A regular tree grammar defines a regular tree language. Regular tree grammars are widely applied as tools in formal reasoning, but in practice the basic formalism is hidden in languages designed at human users. The *RTG* language is a little language that just contains the constructs of the clean formalism. The language is probably best introduced by a tiny example:
regular tree grammar
start Exp
productions
Var -> Var ()
Exp -> Int ()
| Times (Exp, Exp)
| Plus (Exp, Exp)
| Call (Var, ExpList)
ExpList -> (Exp, ExpList)
| ()
A regular tree grammar consists of a list of start non-terminals and a list of productions. The list of start non-terminals defines what non-terminals are allowed at the root of tree in the language defined by this RTG. The productions specify the terms that can be produced for a certain non-terminal. The left-hand-side of a production is non-terminal, the right hand side is a term that can contain non-terminals.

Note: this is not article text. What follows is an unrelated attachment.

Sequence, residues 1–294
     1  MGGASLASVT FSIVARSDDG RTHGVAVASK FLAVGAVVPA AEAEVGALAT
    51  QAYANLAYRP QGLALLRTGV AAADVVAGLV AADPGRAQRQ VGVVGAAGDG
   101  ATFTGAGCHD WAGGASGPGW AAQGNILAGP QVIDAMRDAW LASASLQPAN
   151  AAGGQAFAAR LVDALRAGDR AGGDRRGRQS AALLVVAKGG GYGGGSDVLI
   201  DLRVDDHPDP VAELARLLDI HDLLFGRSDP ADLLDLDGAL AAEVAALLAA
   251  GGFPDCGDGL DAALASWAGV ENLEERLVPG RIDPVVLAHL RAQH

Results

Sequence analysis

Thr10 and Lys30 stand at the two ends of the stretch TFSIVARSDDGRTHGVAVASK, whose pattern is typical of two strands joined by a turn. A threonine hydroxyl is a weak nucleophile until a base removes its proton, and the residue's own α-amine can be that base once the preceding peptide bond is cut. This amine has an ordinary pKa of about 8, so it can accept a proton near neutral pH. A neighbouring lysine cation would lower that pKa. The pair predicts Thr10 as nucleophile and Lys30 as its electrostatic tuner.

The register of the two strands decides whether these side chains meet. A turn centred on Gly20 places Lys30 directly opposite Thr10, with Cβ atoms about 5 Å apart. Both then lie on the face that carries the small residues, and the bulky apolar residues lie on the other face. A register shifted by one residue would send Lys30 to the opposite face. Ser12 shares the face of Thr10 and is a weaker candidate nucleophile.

Formally, a regular tree grammar consists of:
* An unranked alphabet of non-terminals: N
* A ranked alphabet of terminals: T
* A set of start symbols S, which is a subset of N
* A set of productions of the form N -> t, where t is an element of the set of ground terms over T union N.
For more formal discussion on tree grammars and tree languages see [[Thttp://www.grappa.univ-lille3.fr/tata/][Tree Automata Techniques and Applications]] or [[ConnectingXMLProcessingAndTermRewritingWithTreeGrammars][Connecting XML Processing and Term Rewriting with Tree Grammars]].
Notice that the regular tree grammar shown above contains a few constructs between angle brackets: =<cons>=, =<nil>=, =<string>=, and =<int>=. The first two are built-in _terminals_ for representing lists. The last two are built-in non-terminals for strings and integers.
See also:
* [[StrategoRegular][stratego-regular]] (the subpackage of StrategoXT that implements RTG)